Two-wheeled Yin and Yang | Manufacture News | News
Factory standard versus modified customs, how clever customisers are taking a short-cut to success
Think it’s a glamorous life being a factory tester? Then ask this guy, whose job is to rack up thousands of kilometres in a bleak English winter testing the fit and finish of what we believe is the new Triumph Thruxton R Black. At least the sun is shining this day.
AMCN prides itself on its ability to capture the spy photos of factory prototypes and our intrepid photographers also aren’t afraid to defy the elements around the world waiting to snap the next big thing from a manufacturer, either.
Huge resources are poured into even the simplest prototype; designing, testing and then convincing management that a business plan can support the original idea. Few companies are as skilled in the art of mix-and-match as Triumph, making many distinct models from a limited selection of components. The next bike to show off that skill looks set to be a Thruxton R Black.
The upcoming model has been spotted near Triumph’s base in the UK, and clearly displays the same ‘Black’ characteristics as the T100 Black, T120 Black and Bobber Black that are already in the range. We expect the see the Thruxton R Black on sale very soon.
Meanwhile, a worldwide subculture of aftermarket companies are using existing mainstream models to create niche motorcycles that sell well enough to justify the time and effort. Adapting proven technology from the world’s big factories is a short-cut to success for these start-up bespoke micro-manufacturers.
More than just black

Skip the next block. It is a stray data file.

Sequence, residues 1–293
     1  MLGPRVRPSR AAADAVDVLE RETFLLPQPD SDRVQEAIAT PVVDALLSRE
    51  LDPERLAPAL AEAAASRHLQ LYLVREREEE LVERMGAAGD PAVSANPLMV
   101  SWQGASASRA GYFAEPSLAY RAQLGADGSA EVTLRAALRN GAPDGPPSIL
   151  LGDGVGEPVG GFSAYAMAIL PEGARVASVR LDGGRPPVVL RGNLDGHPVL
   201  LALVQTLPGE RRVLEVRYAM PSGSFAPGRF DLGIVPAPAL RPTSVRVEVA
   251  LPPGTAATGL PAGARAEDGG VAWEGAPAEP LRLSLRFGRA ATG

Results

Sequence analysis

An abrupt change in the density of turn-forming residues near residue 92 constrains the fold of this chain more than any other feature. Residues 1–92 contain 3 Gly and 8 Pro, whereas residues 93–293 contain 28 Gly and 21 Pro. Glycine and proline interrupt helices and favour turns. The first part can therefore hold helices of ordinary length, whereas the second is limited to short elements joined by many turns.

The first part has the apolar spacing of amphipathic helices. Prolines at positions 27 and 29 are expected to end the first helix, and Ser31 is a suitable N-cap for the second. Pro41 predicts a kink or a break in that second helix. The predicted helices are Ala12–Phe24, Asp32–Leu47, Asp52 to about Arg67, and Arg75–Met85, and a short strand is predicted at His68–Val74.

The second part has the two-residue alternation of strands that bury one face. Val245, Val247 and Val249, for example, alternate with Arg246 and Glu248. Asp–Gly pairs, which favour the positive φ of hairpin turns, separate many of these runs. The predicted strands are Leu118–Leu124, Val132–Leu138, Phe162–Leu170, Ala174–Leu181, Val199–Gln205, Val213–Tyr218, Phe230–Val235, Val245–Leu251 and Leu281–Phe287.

There’s more to it than a simple coat of gloss black for the tank and body panels. Engine cases, cylinders and head are all finished in satin black, as are the Showa Big Piston front fork, wheel rims and hubs. Even the circular Triumph badge on the side of the engine, normally highlighted in gold or silver, is black. Gold highlights make a classy contrast on the Ohlins rear suspension and Showa front fork legs.
Triumph knows the components will last the distance, but will the new finishes? Best place to test that is a few months on the UK’s winter roads, often covered with salt to combat the frost.
The Yin and the Yang of ABM
Just how wily workshop wizards make a decent buck out of someone else’s R&D
A spin-off company from renowned Triumph tuner T3 Performance has unveiled these two high-powered prototypes and opened its order book. Associated British Motorcycles (ABM) has used donor bikes from Triumph’s 1050cc Street Triple range dating from 2011. Engine modifications boost power to 119kW.
ABM’s Tony Scott spoke for a lot of start-up niche custom builders when he explained the project: “The Gemini Twins suit our entry into the market place perfectly; they are British, inspired and edgy, creating a great buying opportunity for those looking for something very special.
The cafe racer
The Gemini Naked’s single headlight hints at the very first ‘T309’ generation of Triumph Speed Triple. The chassis is from the current Speed Triple, but gains an Ohlins FGRT 208 fork and Maxton GP10 billet shock, plus HEL Performance radial brake calipers. The final version will have carbon-fibre Dymag wheels.
The street tracker
The Gemini Indianapolis uses the same main mechanical components but wraps them in a flat-tracker inspired by Indy Mile racers. Key differences include Kineo spoked wheels and a headlight disguised under the nose-cone number board. ABM only plans to make 50 of each model.
ByHamish Cooper and Ben Purvis